Pass bill providing electronic vote to our military
Having grown up next to Fort Knox during the height of the Vietnam War, and having family fight there and in the current war, I realize firsthand our military members make tremendous sacrifices to protect our rights, and they deserve our best efforts to preserve their right to vote.
I thank Alison Lundergan Grimes for standing up for Kentucky's military and encourage members of the General Assembly to follow her lead and pass Senate Bill 1 with provisions that permit Kentucky's military and overseas voters to return executed ballots electronically and extend the receipt deadline for timely mailed ballots.
Nineteen other states have extended the receipt deadline for military ballots and 24 realize that technology exists to transmit the ballot while protecting the privacy of the voter and integrity of our elections.
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Kentucky needs to get on board and make sure our service men and women are not left behind. Please contact your state representative and ask them to support our military members.
Phinis V. Hundley
The March 5 article, "Chewing the fat, and not stinting on it either," failed to show how the Weston A. Price Foundation exaggerates the significance of Dr. Price's work. In fact, his observations do not hold up to today's rigorous scientific scrutiny.
National Council Against Health Fraud co-founder Dr. Stephen Barrett has stated, "Price made a whirlwind tour of primitive areas, examined the natives superficially, and jumped to simplistic conclusions. While extolling their health, he ignored their short life expectancy and high rates of infant mortality, endemic diseases, and malnutrition. While praising their diets for not producing cavities, he ignored the fact that malnourished people don't usually get many cavities."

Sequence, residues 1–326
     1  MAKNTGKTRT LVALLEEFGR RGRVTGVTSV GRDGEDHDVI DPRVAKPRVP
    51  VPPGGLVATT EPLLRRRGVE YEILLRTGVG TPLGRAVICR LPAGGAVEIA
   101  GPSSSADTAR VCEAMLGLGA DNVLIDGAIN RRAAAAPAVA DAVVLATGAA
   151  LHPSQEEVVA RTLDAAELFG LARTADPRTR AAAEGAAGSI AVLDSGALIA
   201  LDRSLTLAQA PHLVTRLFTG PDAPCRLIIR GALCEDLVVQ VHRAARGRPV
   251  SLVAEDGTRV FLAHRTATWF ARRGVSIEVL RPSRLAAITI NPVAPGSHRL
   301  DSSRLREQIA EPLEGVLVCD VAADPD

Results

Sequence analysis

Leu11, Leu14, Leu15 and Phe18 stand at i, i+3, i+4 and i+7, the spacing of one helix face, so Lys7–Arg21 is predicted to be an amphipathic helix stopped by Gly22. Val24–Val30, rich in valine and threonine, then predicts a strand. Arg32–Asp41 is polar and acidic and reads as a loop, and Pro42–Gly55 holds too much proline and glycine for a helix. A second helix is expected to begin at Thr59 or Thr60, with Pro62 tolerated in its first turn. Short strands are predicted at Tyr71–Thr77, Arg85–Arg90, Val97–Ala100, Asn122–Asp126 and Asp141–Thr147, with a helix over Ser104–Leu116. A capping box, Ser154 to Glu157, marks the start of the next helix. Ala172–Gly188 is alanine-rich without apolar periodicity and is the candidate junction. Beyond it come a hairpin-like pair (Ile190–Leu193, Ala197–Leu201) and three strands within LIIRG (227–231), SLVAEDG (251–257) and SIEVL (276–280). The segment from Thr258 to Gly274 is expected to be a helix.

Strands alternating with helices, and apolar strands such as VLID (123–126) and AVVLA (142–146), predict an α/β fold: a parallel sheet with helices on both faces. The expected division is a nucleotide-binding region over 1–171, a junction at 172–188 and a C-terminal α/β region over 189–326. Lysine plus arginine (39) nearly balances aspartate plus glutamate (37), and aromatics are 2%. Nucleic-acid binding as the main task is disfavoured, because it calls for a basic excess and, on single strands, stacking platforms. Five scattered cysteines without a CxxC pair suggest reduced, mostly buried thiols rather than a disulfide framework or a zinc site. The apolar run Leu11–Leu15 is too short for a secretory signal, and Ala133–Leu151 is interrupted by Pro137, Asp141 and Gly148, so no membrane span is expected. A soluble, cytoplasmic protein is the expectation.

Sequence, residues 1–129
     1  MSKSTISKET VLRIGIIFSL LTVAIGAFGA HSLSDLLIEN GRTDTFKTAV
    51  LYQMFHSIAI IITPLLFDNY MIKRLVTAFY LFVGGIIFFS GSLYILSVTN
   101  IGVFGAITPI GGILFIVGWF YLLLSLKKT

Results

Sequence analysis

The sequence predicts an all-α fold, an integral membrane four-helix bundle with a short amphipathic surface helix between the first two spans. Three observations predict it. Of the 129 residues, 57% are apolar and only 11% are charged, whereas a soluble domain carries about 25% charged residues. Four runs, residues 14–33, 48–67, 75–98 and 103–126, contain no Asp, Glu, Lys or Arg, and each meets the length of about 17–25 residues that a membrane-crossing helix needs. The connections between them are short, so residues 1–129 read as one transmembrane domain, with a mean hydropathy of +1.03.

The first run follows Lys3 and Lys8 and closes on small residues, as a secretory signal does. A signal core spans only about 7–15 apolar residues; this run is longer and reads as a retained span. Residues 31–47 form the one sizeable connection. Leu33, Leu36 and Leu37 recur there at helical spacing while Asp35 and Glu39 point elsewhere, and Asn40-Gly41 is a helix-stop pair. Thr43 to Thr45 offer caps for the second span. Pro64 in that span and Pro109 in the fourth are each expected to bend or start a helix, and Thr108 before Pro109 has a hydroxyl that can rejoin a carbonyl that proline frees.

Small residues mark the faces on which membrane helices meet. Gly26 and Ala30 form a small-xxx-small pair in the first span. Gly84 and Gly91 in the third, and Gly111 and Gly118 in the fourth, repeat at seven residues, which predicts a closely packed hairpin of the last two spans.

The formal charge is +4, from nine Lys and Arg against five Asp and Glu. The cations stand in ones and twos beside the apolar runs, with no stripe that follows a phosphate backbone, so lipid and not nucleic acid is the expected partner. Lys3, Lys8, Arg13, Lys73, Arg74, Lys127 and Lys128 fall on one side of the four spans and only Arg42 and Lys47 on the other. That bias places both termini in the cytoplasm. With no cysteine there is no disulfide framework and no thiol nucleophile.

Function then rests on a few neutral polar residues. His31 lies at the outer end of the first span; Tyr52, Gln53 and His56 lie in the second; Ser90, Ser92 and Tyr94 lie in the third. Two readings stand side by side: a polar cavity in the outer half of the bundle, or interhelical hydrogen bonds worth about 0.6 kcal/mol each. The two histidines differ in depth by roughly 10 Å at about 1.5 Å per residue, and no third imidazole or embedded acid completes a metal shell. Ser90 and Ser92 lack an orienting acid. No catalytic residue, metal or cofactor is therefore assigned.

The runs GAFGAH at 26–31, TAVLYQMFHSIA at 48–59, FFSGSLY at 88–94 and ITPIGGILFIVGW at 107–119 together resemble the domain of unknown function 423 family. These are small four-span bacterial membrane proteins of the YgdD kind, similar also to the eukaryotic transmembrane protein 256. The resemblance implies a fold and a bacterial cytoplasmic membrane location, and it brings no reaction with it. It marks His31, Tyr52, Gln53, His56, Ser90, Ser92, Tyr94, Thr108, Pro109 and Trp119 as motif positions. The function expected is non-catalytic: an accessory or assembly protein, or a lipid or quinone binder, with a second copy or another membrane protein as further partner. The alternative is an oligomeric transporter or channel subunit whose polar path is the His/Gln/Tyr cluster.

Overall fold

The foundation's worship of animal fats and protein has led to an irrational disdain for vegetarian diets, which contradicts Price's advice to his own family and is not supported by his work or current nutrition research.
In fact, at a conference just last month, David Jacobs, Mayo professor in epidemiology at the University of Minnesota, said: "In general, plant-centered and vegetarian diets have more favorable chronic disease outcomes. This is one of the most consistent findings of nutritional epidemiology."
When it comes to the foundation's and similar diets, it is often said that people love to hear good news about their bad habits. How reassuring it must be to find a group that gives permission to indulge in butterfat as often as desired.
However, it is far from reassuring that the article would facilitate promotion of dangerous dietary advice that has so little basis in high quality peer-reviewed science.
I was disconcerted to see an article regarding the Weston A. Price Foundation's very odd dietary recommendations.
So there is one woman in Winchester who seeks to promote consumption of cholesterol-laden saturated fats. Are you aware that a growing number of local residents are adopting a healthy plant-based (vegan) diet for many reasons, including human health, the environment and compassion for animals? Lexington has a monthly vegan potluck that has been meeting for over 20 years, always with a variety of delicious dishes.